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Look back in history and you find numerous, high-profile examples of complacency causing the most unexpected businesses to flounder. Take Kodak, for example, which, setting too much store by its size and longevity, failed to foresee the impact the rise of digital photography and the smartphone would have on its business.

The question for acquirers, right now, is:

Do they want to become the Kodaks of the payments industry?

All the ingredients are there: until recently, selling function-limited, classic Point of Sale POS terminals – with their relatively high transaction fees – has been enough to sustain them quite nicely.

However, as with Kodak, this only remains the case while what they’re offering is the only option. In payments, it no longer is.

Changes ahead

There is a seismic shift going on in the world of payments, driven by new application programming interface (API)-led technologies, fueling and feeding consumers’ demand for instant, anytime, anywhere payments. This is dramatically changing the solutions merchants are looking for and, as a result, acquirers’ role in providing them.

Merchant acquiring has, until lately, been centered on selling the classic payment terminals that enable consumers to use their cards at the point of sale but have little potential for customization or innovation, to as many merchants as possible – a volume-based approach made lucrative by income from sales, leases and myriad fees.

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In any market, though, such commoditization leads to competition on cost which, ultimately, makes it harder and harder for everyone to differentiate and operate profitably. In acquiring, the resulting battle over interchange fees has only drawn more merchants’ attention to just how much they have been paying – for devices delivering a fraction of the capabilities they need and expect, and epitomized by the smartphones they use every day.

Spotting their chance

Tech and software companies have spotted the opportunity this represents, offering more flexible hardware solutions fueled by groundbreaking software, with simplified, often substantially cheaper fees.

This fresh competition has squeezed those previously attractive margins and acquirers and ISOs now find themselves at a crossroads. They can continue with their hardware-based business models and hope to grow by either acquiring or break apart competitors or squeezing into new segments. Or, they can embrace the opportunity and adapt their business models to deliver multi-purpose, software-driven payment solutions while there is still chance to get ahead in this new game.

Innovators from outside the industry are providing access to dozens or even hundreds of new software applications and services that provide merchants with fresh opportunities to attract, delight and retain customers and take the strain out of their business administration at the same time, by integrating seamlessly with business operations like eCommerce, loyalty programs, inventory and staff management.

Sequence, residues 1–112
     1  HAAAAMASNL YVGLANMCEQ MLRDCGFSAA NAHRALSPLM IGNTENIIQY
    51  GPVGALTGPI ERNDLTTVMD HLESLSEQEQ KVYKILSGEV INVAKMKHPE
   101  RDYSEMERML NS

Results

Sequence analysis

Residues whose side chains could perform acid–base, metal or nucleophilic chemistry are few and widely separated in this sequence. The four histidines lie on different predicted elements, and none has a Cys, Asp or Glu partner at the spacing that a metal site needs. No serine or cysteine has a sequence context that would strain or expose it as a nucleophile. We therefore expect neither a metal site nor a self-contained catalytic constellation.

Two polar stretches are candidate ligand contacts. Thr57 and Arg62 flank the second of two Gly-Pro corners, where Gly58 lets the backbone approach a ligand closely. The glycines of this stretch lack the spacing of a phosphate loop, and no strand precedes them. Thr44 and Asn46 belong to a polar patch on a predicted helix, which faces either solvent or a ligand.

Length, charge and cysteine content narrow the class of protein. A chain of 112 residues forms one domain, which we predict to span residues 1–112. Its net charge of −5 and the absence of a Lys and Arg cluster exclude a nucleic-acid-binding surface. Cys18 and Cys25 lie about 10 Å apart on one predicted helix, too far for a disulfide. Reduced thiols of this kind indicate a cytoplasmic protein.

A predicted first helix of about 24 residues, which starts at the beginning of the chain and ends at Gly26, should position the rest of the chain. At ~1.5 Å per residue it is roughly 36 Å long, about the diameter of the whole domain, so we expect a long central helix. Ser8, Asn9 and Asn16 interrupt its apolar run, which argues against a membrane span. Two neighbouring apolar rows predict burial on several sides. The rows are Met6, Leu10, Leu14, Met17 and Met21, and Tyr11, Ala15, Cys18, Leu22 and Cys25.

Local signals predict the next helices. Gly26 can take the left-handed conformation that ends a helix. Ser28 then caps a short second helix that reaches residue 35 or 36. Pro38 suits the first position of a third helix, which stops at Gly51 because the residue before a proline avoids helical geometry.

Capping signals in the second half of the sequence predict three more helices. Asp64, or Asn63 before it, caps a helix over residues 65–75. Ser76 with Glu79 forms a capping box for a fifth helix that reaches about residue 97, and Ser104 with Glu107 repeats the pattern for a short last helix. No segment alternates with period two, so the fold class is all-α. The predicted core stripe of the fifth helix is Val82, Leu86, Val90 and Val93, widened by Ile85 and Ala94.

And by sitting new types of software-driven payment rails on top of the kinds of hardware most people now have easily at-hand, like their cell phones, they have managed to successfully circumnavigate traditional merchant payment solution providers and reach a rich new seam of clients.

Competing by new rules

While, in reality, many of these add-ons do not yet offer sufficient integration capability, they are proving attractive to merchants and so have fundamentally changed the rules of engagement. This means traditional merchant acquirers must now consider how they can continue to compete on a playing field crowded with new tech players, value-added resellers, independent software vendors (ISVs), and payment facilitators offering much more, at a fraction of the price.

device independant strategy

To emerge victorious, ISOs and acquirers will need to become consultants – rather than salespeople – offering bundled solutions tailored to merchants’ needs and smoothing their transition.

Because the advantage they have over industry upstarts, is the close merchant relationships that give them an intuitive understanding of each business’s needs. They can use this knowledge to recommend just the right bundle of apps, then deepen the bond by creating opportunities for regular touchpoints based on ongoing advice about improving the shopping experience, attracting new customers and making their business more productive and profitable – with greater understanding of potential future improvements fueled by inbuilt analytic tools.

The first step is to decide which payment platform to build on. Some smart POS providers are creating closed environments to block out device competitors. Agnostic and open platforms though, that take care of integration pain points with a device independent strategy, will ultimately best serve acquirers and ISOs in making the leap to software-driven acquiring, by giving them a wider choice of features and more control over their merchant services.

There’s no doubt, it’s all to play for!

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